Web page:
Date(s) - 15/02/2017
5:30 pm - 6:45 pm
In a Joint Meeting with the Roman Society, Dr Claire Holleran (University of Exeter) will talk on ‘Earning a Living: Work and Labour in Ancient Rome’.
Dr Holleran has kindly provided the following abstract:
For much of the twentieth century, the freeborn population of Rome was viewed as an idle one, fed and entertained at the expense of the state while work was undertaken by slaves or freed slaves. While few would agree with this characterisation of Rome today, the structure and organisation of free labour in the city remains unclear, despite the fact that the vast majority of the population had to support themselves through their own skills and labour. Some free workers in the city undoubtedly had their own businesses, in manufacturing, retail, or the service industry, but many worked for others as mercennarii (hired workers) or operarii (labourers). Yet the importance of a market for wage labour in Rome has been minimised, with wage work viewed as a marginal activity, and the existence of a labour market even denied. This paper assesses the evidence for the existence of a market for free wage labour in Rome (and in the Roman world more broadly), before going to consider some of the potential mechanisms by which workers and employers may have found each other.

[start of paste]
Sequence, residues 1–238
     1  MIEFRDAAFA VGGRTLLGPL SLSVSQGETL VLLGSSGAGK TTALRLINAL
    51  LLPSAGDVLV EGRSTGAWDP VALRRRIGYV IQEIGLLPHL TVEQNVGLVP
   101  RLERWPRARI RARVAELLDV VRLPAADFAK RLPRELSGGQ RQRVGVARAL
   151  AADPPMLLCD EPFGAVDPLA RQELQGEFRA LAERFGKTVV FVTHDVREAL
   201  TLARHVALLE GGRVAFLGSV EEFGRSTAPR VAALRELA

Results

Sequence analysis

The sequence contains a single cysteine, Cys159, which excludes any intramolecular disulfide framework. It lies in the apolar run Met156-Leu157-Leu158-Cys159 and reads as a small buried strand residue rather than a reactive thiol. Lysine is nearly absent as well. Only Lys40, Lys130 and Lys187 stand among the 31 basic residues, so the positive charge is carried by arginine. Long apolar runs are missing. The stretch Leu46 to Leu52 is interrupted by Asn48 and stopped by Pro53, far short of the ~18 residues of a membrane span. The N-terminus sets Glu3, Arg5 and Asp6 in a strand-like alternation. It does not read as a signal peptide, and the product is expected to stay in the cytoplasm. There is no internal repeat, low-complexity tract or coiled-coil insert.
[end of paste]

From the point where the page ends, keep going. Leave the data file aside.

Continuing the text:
All are welcome!